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Tahoe Science Conference highlights environment, economics, research


Summer recreation lovers paddling around Nevada's Sand Harbor State Park. Photo by Scott Hinton, University of Nevada, Reno.


Bi-annual Tahoe Science Consortium event held at Incline Village May 22-24

More than 350 scientists, environmental policy makers and economic stakeholders will discuss Lake Tahoe’s environmental and economic future at the annual Tahoe Science Conference “Environmental Restoration in a Changing Climate” May 22 to 24 at Incline Village.

The conference, this year being held at Sierra Nevada College, features a scientific poster session and the opening of “Visualizing Change, a photographic exhibition,” on Tuesday evening followed by two full days of seminars and workshops covering more than 20 topics in three main areas:

1. Mountain Ecosystem Science: From Alpine to Zooplankton

2. Environmental Management: Finding Solutions in Economically Stressed Times

3. Seeing is Understanding: Learning through Lens and Aperture

Researchers and managers from Lake Tahoe and the West will gather to discuss the challenge of protecting the environment in the face of a changing climate and economy. Topics include new approaches for using remote sensing technologies to study the environment, nearshore ecology and conservation, wildfire ecology and forest soil impacts, aquatic and terrestrial invasive species, stormwater pollution and water quality, atmospheric sciences and pollutant monitoring, understanding the impacts of climate change. The conference will conclude with an engaging panel discussion on transforming science to policy making.

A two-hour public policy forum with a panel of experts will address balancing science, environmental improvement, economic development and public policy in the Tahoe basin on Thursday morning. The panel will be moderated by South Lake Tahoe Mayor Claire Fortier and will include Leo Drozdoff, Secretary of Conservation and Natural Resources and a representative from the California Department of Natural Resources will participate in that discussion.

The plenary session “Change: The new normal in managing ecosystems in California” will be presented by Jeffrey Mount, a professor from the University of California, Davis, on Wednesday from 5 to 8 p.m. at the D.W. Reynolds Non-profit Center in Incline Village.

Conference participants will also get to experience Lake Tahoe in two 3-D movies, “Lake Tahoe in Depth” and “Mapping Change,” tour a LEED Platinum green building and take a walking tour of stream restoration and best management practices.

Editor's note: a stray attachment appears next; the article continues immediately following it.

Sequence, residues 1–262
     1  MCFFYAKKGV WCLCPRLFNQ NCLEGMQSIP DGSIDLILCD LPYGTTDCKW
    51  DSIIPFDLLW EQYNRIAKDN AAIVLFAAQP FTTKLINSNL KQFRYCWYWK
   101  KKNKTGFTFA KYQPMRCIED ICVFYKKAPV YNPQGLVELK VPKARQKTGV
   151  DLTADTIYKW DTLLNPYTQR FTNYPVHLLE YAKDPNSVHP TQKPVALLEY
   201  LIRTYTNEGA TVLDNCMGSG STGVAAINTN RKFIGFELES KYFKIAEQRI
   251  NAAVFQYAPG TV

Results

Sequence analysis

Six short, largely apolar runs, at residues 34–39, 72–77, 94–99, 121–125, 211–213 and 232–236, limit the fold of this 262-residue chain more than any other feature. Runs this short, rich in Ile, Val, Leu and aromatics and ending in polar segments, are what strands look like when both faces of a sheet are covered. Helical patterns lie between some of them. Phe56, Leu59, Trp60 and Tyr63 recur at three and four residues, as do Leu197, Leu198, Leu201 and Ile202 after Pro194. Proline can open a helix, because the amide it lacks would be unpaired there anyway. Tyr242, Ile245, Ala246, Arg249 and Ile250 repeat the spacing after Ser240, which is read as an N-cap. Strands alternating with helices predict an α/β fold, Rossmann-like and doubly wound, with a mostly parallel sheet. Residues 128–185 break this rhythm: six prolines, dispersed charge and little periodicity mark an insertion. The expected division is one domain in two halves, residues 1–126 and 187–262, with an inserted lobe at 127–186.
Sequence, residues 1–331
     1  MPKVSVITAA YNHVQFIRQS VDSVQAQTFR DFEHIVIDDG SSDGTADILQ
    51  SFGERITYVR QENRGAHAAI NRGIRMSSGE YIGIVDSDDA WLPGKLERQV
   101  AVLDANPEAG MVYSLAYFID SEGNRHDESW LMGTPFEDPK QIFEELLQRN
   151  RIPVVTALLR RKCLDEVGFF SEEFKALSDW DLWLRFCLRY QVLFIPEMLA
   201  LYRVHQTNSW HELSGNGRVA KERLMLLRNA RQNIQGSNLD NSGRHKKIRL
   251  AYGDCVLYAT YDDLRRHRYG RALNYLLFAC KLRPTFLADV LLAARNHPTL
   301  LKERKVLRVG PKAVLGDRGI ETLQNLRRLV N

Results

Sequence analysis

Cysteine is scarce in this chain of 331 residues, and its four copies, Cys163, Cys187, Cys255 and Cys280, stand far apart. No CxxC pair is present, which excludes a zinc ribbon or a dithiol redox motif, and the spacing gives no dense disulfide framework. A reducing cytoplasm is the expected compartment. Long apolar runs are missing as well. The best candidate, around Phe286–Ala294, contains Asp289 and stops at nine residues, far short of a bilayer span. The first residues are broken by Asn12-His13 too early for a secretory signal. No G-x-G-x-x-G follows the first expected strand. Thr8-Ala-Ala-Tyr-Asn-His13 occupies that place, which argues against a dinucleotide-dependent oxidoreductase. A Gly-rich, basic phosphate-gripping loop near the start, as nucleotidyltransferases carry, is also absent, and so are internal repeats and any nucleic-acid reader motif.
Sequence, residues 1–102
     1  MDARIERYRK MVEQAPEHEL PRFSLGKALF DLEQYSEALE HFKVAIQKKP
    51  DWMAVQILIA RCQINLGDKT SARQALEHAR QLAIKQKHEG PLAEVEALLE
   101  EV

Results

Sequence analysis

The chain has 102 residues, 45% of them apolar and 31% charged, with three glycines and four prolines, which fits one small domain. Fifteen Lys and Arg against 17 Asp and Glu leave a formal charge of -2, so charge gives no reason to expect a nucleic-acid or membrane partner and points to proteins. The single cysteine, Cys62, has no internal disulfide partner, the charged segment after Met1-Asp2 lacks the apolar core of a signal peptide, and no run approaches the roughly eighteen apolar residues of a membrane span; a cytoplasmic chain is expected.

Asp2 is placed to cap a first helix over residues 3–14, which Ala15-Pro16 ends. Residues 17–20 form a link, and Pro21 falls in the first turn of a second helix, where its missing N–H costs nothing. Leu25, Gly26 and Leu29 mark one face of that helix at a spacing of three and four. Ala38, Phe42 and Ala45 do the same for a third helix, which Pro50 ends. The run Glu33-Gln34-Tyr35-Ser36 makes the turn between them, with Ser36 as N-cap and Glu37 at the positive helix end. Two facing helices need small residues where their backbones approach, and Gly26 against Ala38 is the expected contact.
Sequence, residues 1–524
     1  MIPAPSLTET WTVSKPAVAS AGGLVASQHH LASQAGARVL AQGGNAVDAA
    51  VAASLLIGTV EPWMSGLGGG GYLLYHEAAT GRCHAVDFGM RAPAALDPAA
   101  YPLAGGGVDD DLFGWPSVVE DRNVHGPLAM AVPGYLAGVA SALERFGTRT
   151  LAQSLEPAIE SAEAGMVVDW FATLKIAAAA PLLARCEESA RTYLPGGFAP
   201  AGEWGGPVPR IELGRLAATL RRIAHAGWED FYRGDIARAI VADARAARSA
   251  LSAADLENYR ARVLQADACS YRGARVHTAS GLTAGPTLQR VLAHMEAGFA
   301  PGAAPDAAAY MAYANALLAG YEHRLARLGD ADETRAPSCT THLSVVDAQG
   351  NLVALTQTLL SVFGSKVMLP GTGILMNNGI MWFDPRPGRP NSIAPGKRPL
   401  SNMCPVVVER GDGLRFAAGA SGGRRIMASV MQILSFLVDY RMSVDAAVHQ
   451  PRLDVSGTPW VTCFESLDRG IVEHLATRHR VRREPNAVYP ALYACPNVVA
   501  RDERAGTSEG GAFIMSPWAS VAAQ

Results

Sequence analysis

Presenters include top Tahoe scientists from the University of California, Davis, University of Nevada, Reno, the Desert Research Institute as well as agency managers, business representatives, and policy makers from around the region.

The conference has been organized by the Tahoe Science Consortium. The consortium member organizations are the University of Nevada, Reno; the Desert Research Institute; the University of California, Davis; the U.S. Geological Survey; and the USDA Forest Service Pacific Southwest Research Station (PSW). The Tahoe Science Consortium was formed in 2005 to promote scientific work in preserving and studying the Lake Tahoe Area.

The art exhibit “Visualizing Change,” is inspired by the initiative to encourage a convergence of science and the arts by photographer and Art Department Chair Peter Goin of the University of Nevada, Reno. He has collaborated with the Tahoe Science Consortium and a number of other noted Tahoe photographers for the exhibition, which was curated by Megan Berner of the University of Nevada, Reno. It is free and open to the public through July 27 in the Prim Library Research Gallery at Sierra Nevada College. The exhibition is a look at how photography acts as an agent of change, interpretation and revelation. The artist reception is Tuesday, May 22 from 5 to 8 p.m.

For more information about the conference and the Tahoe Science Consortium please visit www.tahoescience.org.

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